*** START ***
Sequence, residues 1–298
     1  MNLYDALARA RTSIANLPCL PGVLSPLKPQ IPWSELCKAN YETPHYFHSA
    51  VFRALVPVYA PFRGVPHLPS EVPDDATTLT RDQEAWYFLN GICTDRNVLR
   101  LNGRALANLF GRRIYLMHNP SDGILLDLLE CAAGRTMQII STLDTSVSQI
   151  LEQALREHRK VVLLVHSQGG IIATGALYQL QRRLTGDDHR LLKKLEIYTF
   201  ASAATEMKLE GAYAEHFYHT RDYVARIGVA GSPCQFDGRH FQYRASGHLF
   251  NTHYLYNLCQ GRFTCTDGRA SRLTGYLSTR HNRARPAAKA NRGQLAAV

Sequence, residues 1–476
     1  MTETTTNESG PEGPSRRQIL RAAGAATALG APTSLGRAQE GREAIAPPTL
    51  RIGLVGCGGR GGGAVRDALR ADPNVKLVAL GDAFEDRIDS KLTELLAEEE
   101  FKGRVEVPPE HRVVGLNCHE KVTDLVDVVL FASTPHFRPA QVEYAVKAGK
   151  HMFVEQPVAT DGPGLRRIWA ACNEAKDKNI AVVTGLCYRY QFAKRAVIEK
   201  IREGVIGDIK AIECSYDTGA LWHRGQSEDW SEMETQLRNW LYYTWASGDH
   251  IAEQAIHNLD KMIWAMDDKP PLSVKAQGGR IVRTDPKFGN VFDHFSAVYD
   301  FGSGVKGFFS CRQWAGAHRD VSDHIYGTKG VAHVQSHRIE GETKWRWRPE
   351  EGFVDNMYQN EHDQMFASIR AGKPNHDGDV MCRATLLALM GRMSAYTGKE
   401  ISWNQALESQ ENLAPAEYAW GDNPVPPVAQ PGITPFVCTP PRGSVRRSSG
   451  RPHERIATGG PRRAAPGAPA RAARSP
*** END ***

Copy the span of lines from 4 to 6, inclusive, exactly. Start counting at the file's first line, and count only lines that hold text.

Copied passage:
   101  LNGRALANLF GRRIYLMHNP SDGILLDLLE CAAGRTMQII STLDTSVSQI
   151  LEQALREHRK VVLLVHSQGG IIATGALYQL QRRLTGDDHR LLKKLEIYTF
   201  ASAATEMKLE GAYAEHFYHT RDYVARIGVA GSPCQFDGRH FQYRASGHLF